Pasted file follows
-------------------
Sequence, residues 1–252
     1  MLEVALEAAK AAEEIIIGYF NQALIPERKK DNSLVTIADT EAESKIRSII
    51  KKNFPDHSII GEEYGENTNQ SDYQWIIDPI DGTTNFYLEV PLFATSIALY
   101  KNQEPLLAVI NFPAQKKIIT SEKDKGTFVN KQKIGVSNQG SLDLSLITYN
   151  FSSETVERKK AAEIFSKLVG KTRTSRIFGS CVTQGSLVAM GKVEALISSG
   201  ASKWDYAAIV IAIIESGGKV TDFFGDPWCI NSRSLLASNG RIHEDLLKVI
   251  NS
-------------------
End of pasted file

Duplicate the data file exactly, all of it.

Sequence, residues 1–252
     1  MLEVALEAAK AAEEIIIGYF NQALIPERKK DNSLVTIADT EAESKIRSII
    51  KKNFPDHSII GEEYGENTNQ SDYQWIIDPI DGTTNFYLEV PLFATSIALY
   101  KNQEPLLAVI NFPAQKKIIT SEKDKGTFVN KQKIGVSNQG SLDLSLITYN
   151  FSSETVERKK AAEIFSKLVG KTRTSRIFGS CVTQGSLVAM GKVEALISSG
   201  ASKWDYAAIV IAIIESGGKV TDFFGDPWCI NSRSLLASNG RIHEDLLKVI
   251  NS